I began this Ph.D. journey, so that I could never be told I lacked credentials. In this fourth year of my journey, I can’t recall how often professors cajoled, encouraged, and demanded that I choose the faculty. Initially, I turned a deaf ear, because as director of university relations, my salary before graduate school was higher than all of my current professors, save two!
However, by the second year, I was mostly convinced. My faculty had become the kind of mentors that give you enough insight into their lives to make the challenges and perks clear enough to both scare and excite you. It’s scary because you realize that this faculty life is all-consuming. You understand that to do it well it will take all you have—there is never enough time. It’s exciting because you know it will be the challenge of your life! There is always another publication to write (or re-write) and five students that need your attention. Papers must be graded; Jason & Irma need recommendation letters. You have comprehensive exams, proposal hearings, and a third read of your advisee’s dissertation. You have A-2’s to submit, T&P packets to review, and search committee meetings to attend. The deadlines for ASHE, AERA, and ICQI proposals come faster each year all while teaching two classes each semester.
Still, something inside of me says, “I can do this! I just know it!” It hardly makes sense to me. Especially because many people have the ridiculous impression that faculty don’t work much. We are bombarded with messages that faculty are lazy, that they don’t care about their students, and that they are tenured, elitist, entitled, liberal fat cats. Then adding insult to injury, Forbes tells the world that a college professor is the least stressful job—less stressful than a tailor or hairstylist. This lack of trust and understanding regarding the professoriate only intensifies my drive to become a highly productive, tenured professor. At 2011 ASHE conference, three African American women who are tenured full professors, shared their challenges and triumphs in the academy. They revealed that 3% of full professors are African American women. Again, I felt fear, but mostly I felt motivated: “How can I not do whatever it takes to become a full professor?”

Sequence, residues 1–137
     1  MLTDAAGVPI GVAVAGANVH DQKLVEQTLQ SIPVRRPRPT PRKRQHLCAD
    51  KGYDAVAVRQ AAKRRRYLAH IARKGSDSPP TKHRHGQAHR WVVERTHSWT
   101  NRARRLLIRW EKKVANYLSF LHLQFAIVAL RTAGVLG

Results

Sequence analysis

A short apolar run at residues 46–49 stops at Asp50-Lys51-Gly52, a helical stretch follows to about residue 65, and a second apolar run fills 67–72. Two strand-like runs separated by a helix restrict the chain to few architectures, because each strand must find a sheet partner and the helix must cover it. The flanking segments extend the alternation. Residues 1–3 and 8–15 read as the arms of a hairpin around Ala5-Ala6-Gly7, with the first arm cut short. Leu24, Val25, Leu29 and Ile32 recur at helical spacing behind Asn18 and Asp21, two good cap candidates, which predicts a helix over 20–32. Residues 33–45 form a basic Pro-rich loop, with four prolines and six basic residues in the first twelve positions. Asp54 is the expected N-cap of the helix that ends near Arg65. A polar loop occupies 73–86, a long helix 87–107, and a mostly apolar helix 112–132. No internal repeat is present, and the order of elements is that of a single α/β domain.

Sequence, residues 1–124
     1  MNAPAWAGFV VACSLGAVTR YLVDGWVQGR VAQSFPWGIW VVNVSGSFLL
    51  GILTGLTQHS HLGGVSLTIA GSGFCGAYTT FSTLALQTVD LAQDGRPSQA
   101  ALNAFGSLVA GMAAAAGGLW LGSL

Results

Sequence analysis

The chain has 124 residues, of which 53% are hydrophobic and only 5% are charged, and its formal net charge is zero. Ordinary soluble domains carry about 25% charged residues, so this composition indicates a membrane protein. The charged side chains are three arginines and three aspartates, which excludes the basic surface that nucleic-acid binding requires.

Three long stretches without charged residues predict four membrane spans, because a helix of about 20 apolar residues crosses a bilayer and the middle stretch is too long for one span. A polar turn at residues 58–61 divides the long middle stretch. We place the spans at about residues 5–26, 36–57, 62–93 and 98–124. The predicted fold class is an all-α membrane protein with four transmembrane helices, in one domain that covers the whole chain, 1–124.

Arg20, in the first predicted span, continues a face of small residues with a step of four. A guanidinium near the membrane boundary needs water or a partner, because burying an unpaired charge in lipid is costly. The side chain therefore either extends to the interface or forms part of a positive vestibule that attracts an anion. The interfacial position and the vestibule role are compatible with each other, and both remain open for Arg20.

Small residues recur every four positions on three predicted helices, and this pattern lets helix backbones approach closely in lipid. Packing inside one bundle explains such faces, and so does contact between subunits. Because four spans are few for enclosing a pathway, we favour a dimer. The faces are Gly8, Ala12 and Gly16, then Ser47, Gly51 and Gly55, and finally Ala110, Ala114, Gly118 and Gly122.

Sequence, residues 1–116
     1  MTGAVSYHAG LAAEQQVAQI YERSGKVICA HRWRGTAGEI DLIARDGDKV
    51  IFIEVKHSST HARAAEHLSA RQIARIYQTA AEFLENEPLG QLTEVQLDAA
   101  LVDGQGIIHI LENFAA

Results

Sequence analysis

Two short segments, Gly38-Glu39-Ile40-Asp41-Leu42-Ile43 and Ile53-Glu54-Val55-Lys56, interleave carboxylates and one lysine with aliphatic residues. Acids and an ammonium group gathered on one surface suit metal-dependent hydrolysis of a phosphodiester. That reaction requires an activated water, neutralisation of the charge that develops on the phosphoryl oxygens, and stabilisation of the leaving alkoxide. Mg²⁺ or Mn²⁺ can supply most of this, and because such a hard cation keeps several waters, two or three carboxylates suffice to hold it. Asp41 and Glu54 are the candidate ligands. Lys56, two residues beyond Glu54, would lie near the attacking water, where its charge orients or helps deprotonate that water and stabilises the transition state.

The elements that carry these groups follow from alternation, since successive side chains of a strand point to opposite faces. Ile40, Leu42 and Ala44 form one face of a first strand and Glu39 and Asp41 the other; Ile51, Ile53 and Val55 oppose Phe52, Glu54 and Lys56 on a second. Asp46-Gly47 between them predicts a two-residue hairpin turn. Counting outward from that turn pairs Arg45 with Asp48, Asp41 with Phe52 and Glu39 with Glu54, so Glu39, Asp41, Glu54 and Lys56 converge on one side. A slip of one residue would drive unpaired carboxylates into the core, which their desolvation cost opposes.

The academy, especially the public research university, with which I am most interested and concerned, is in a precarious position. There are forces at work (both market and political) that threaten its mission and very existence. This uncertainty will make tenure even more important. Tenure means that faculty are fully vested and empowered. Junior and adjunct faculty have an important role, but they lack power and have no real voice. I am willing to brave the culture to discover the formal and informal networks, learn the written and unwritten rules, and juggle teaching, research, and service to achieve success on the tenure track. For me, tenure represents a kind of belonging, an arrival that an outsider-within, like me, needs to make this choice worthwhile. I have learned that nobody becomes a professor for the salary. We become professors to have influence, to make a difference, to join a community where we can demonstrate our scholarship, and become respected as important citizens within our disciplines and institutions. Keeping my eye on the prize that is tenure is critical, so that I can sit on that panel to demonstrate to other Black women that they can do it too! It is not enough to say that there should be more of us.
About the author
Tyra M. Metoyer is a Ph.D. candidate at Texas A&M University and is in the process of writing her dissertation. Her goal is to enter academia as a faculty member.